Now, after the rebuild, I have a CB350F tank on there.
That looks good. The exhaust is 2-into-1? I imagine that modern muffler is pretty quiet.
 
That looks good. The exhaust is 2-into-1? I imagine that modern muffler is pretty quiet.
Both exhausts were 2into1. The old one I hastily fabbed from cannibalized stock headers. The current one I built with equally long primary tubes based on LDR’s recommendations for diameters and lengths. The muffler is actually pretty loud, quiet at idle but sounds good under load, no rasp! Ever looked into a modern dirt bike can? They’re pretty much straight thru with fiberglass mat insulation. Once I have the carbs back from crazy PJ I may add a lollipop baffle
 
Both exhausts were 2into1. The old one I hastily fabbed from cannibalized stock headers. The current one I built with equally long primary tubes based on LDR’s recommendations for diameters and lengths. The muffler is actually pretty loud, quiet at idle but sounds good under load, no rasp! Ever looked into a modern dirt bike can? They’re pretty much straight thru with fiberglass mat insulation. Once I have the carbs back from crazy PJ I may add a lollipop baffle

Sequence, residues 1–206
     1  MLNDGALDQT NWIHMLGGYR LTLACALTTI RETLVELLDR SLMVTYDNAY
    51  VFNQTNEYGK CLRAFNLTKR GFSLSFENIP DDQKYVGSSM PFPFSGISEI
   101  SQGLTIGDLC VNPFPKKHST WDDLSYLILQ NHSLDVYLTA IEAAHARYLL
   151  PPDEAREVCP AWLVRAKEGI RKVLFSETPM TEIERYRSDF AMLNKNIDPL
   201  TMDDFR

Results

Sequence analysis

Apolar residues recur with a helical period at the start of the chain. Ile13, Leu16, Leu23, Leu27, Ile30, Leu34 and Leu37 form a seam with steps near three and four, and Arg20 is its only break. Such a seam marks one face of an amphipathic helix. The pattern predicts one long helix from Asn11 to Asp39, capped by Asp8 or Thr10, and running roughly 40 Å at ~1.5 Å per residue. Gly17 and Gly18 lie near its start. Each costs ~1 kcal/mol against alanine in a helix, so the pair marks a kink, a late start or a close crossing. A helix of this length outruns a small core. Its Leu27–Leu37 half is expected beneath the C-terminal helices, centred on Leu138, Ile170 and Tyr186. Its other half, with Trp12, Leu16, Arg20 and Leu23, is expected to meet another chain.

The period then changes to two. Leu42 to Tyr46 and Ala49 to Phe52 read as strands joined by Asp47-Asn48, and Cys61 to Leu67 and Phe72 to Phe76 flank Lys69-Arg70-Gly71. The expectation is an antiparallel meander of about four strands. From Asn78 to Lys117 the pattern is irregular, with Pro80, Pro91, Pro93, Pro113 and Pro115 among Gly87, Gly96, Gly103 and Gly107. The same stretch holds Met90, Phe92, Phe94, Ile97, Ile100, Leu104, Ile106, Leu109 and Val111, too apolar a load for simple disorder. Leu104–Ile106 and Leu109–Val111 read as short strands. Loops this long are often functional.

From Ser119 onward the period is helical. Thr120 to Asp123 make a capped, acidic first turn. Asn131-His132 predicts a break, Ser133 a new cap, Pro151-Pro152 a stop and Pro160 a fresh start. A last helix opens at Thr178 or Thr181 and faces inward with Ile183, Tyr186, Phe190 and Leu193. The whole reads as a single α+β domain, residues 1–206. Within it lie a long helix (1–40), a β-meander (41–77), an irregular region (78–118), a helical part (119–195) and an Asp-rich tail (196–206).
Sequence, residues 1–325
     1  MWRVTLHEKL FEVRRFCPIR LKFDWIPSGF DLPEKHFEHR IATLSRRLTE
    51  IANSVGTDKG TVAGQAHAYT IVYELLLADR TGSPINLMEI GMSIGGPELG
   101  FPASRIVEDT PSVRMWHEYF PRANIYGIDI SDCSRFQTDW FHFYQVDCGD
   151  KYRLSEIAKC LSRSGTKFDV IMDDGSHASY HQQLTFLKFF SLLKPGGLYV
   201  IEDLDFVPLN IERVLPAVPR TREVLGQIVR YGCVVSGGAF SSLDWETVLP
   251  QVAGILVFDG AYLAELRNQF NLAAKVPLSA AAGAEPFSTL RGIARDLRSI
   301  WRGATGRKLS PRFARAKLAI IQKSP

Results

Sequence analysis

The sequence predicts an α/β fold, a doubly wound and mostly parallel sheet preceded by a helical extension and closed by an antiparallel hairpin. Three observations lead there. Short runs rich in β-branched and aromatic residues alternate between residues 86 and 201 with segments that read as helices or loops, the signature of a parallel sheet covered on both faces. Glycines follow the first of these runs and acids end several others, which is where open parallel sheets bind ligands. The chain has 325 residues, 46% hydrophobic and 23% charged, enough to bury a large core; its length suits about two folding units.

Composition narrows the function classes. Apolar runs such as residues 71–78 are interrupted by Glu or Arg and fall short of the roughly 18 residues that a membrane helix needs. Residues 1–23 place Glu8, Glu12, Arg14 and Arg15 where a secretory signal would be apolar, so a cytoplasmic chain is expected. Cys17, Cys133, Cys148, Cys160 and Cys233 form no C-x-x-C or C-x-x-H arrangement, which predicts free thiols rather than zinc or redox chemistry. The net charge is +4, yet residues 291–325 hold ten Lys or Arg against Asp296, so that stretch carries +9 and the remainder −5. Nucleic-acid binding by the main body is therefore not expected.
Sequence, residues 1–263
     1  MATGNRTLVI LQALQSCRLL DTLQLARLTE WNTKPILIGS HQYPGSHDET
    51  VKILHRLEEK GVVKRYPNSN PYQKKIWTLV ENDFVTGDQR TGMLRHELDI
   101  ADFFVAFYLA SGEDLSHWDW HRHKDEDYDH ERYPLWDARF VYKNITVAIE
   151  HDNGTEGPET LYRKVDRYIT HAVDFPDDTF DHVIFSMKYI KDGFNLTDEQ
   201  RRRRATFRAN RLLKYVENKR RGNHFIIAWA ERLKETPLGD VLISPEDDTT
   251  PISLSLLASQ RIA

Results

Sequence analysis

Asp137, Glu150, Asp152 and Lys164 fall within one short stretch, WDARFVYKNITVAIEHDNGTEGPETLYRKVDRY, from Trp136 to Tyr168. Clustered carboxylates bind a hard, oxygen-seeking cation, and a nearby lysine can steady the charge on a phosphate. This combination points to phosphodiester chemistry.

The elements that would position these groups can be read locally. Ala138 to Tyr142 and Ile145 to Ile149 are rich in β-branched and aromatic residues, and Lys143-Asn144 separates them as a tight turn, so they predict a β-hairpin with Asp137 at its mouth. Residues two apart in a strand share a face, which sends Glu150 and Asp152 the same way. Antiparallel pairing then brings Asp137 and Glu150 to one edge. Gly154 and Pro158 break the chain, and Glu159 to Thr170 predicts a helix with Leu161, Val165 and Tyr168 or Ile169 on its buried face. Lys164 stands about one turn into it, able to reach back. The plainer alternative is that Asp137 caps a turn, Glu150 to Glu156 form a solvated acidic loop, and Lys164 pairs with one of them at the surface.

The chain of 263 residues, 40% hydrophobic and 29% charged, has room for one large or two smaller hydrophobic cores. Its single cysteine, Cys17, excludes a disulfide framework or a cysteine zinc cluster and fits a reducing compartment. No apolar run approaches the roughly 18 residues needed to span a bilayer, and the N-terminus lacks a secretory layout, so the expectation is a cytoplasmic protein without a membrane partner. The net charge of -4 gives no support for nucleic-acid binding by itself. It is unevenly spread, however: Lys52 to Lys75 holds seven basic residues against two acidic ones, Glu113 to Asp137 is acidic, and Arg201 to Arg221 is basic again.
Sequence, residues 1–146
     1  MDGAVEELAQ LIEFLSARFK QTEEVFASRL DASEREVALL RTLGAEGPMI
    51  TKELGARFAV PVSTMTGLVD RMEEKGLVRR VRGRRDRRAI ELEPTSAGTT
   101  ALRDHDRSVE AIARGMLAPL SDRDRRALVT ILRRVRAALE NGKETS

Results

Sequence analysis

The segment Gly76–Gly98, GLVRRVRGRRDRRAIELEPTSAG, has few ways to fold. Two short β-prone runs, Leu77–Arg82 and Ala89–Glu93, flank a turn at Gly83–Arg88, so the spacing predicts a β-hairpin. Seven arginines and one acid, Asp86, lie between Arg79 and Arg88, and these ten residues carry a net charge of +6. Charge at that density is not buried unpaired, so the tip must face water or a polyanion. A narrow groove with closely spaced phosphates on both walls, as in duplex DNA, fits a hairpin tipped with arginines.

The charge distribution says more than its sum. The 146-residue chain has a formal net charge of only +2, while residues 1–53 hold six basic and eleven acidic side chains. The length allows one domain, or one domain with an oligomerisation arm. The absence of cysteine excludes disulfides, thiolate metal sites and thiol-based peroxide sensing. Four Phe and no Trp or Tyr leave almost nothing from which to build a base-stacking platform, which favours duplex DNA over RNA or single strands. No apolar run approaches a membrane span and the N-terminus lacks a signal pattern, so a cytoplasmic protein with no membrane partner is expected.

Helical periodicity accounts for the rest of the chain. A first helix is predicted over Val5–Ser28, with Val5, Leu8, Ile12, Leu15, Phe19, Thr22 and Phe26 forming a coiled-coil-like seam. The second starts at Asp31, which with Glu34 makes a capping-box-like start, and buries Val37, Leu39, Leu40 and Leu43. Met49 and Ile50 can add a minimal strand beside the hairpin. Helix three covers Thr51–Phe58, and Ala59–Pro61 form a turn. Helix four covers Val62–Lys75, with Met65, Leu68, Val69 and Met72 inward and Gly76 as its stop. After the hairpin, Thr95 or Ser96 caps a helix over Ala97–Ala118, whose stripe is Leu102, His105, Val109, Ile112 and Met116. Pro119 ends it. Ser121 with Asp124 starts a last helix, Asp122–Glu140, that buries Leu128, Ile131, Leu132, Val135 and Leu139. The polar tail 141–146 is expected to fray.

Nice work there. I bet it looks good under all that mummy wrap.
 
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Wow, I'm surprised how nice a 350 tank looks on 360. How much work was involved getting it to fit?
Here's a picture of the coil bracket. I mounted the coils on the underside to increase clearance between the coils and the tank.

OwbOhzx.jpg
 
Hehe, I know it’s not real popular around here, but serves a functional purpose on that bike. Pipes are single wall while OEM Is triple walled. The wrap keeps the heat in.

Edit: meant to quote ballbearian
 
Hehe, I know it’s not real popular around here, but serves a functional purpose on that bike. Pipes are single wall while OEM Is triple walled. The wrap keeps the heat in.

Edit: meant to quote ballbearian
I don't have a problem with the retained heat part of it, just the look of it because in a lot of cases it's not done well. Then again, I don't like the look of it even when it is done well, but to each their own.